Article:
We’ll forgive you if you googled images of Scotland’s Luskentyre Beach and mistook it for Australia’s Whitehaven Beach. After all, it’s hard to believe that such stunning white sand and incredibly blue-green water could be found in the Outer Hebrides. But that’s exactly what you’ll find when you arrive at the Isle of Harris’ most scenic spot, which frequently makes lists of the world’s best beaches.
Brightwater Holidays has multiple tours that visit Luskentyre, including its five-day Walking the Outer Hebrides tour from £1090 ($2088), which also takes in the Standing Stones of Callanish (an archaeological site that predates Stonehenge), and the coastline of the Isle of Skye. brightwaterholidays.com
Swim your way to serenity in the British Virgin Islands
From the Bahamas to the Dominican Republic, the Caribbean is replete with unspoiled beaches, known for their pristine warm waters and crystalline white sands. So, it can be tough to narrow down just where to go.
Here’s one serious contender: SwimTrek’s seven-day guided tour of the British Virgin Islands. This holiday will see you swimming distances of up to 5km per day alongside hawksbill turtles and shoals of exotic fish, completing the iconic crossing from Britain to America (from the BVIs to the US Virgin Islands) and, of course, exploring plenty of beaches along the way. Packages start from £4270 ($8180). swimtrek.com
Go backcountry on the world’s largest sand island in Australia
Like the Caribbean, Australia is a country of unforgettable beaches — but many are easy to access on your own. One that’s worth touring with a group is K’gari (formerly Fraser Island). The world’s largest sand island is only accessible via 4WD and if you’re self-driving, it can be easy to get bogged down or miscalculate tide times.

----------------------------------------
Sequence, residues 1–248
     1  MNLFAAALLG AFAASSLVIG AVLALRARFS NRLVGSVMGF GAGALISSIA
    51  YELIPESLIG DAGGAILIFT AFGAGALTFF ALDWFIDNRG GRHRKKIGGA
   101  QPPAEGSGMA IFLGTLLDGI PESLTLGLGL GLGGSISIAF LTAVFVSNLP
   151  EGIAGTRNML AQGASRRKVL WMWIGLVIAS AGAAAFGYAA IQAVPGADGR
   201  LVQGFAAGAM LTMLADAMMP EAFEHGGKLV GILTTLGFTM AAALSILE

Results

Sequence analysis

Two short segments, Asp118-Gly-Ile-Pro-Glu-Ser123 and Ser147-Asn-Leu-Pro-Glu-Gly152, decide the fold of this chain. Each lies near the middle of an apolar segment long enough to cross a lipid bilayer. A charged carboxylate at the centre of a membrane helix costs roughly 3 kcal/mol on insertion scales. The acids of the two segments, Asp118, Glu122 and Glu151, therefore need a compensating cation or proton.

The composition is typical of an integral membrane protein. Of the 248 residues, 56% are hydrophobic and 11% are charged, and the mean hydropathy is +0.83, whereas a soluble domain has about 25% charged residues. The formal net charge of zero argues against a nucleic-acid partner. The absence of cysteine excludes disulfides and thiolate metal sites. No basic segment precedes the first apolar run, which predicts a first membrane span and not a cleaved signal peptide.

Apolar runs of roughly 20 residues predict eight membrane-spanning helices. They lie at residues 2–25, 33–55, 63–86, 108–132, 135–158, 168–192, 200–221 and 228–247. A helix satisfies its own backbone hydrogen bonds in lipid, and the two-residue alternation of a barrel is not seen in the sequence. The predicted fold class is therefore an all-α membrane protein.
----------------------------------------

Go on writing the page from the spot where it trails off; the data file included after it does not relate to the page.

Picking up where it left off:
Signing up for a tour with K’gari Explorer takes away the guesswork, allowing you to focus on taking in the sights, including the renowned 75-Mile Beach and the silica beach of Boorangoora/Lake McKenzie. While visiting the island’s lakes, champagne pools, and ancient forest, make sure to keep an eye out for K’gari’s healthy population of wild dingoes. Day tours start from A$259 ($280) for adults, with options up to five days in length also available. fraserexplorertours.com.au
Be one of the few tourists to set foot in Japan’s Ryukyu Islands
Japan isn’t necessarily known as a beach destination — but once word gets out about the Ryukyu Islands, it may become one. Stretching in an arc southwest of Kyushu towards Taiwan, this string of subtropical islands boasts clear aquamarine waters (ideal for swimming, snorkelling, and diving) and some of the whitest sand in the world. Yet, they’re still rarely visited by international tourists.
On Coral Expeditions’ 14-day cruise through the archipelago, you’ll learn more about the islands’ unique ecology, history, and culture, including touring through a thousand-year-old cedar forest, trying your hand at traditional Ryukyu glassmaking, and exploring diverse underwater ecosystems in the Kerama Island Group. The all-inclusive cruise — which begins in Fukuoka, Japan and ends in Keelung, Taiwan — starts from $14,650. coralexpeditions.com